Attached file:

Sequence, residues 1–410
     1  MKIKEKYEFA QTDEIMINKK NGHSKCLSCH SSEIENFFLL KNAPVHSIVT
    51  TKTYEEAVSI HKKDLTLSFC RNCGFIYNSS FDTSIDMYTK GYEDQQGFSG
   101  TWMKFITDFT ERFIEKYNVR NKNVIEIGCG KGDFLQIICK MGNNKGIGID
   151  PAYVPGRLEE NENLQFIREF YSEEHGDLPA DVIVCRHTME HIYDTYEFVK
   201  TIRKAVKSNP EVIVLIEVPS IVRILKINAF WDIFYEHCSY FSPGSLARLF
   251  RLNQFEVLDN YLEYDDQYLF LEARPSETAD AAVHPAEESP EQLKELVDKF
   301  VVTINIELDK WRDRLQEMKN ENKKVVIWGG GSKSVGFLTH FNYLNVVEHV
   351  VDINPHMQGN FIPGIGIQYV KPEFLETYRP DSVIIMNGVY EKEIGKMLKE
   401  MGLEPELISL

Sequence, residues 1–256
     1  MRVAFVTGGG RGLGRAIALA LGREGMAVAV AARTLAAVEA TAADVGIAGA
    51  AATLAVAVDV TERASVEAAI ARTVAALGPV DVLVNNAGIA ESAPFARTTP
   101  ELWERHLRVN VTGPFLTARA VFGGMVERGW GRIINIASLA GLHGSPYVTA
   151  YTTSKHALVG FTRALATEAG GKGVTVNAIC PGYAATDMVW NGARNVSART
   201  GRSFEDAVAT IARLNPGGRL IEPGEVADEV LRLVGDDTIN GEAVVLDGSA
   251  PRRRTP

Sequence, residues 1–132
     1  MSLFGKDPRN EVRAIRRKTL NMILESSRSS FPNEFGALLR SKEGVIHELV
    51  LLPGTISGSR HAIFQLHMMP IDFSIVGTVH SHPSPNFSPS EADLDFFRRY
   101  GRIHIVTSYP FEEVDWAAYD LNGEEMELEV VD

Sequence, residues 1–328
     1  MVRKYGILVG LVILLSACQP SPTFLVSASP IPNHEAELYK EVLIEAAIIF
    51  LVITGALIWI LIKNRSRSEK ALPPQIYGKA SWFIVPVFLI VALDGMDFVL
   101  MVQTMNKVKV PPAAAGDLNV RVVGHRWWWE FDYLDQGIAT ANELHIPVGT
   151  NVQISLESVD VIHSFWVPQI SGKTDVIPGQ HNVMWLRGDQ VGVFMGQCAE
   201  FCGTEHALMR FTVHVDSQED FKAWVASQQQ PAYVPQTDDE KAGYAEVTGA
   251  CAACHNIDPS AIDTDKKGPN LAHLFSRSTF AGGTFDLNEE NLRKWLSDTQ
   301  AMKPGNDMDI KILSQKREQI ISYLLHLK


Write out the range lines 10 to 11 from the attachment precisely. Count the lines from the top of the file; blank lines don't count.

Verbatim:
   401  MGLEPELISL

Sequence, residues 1–256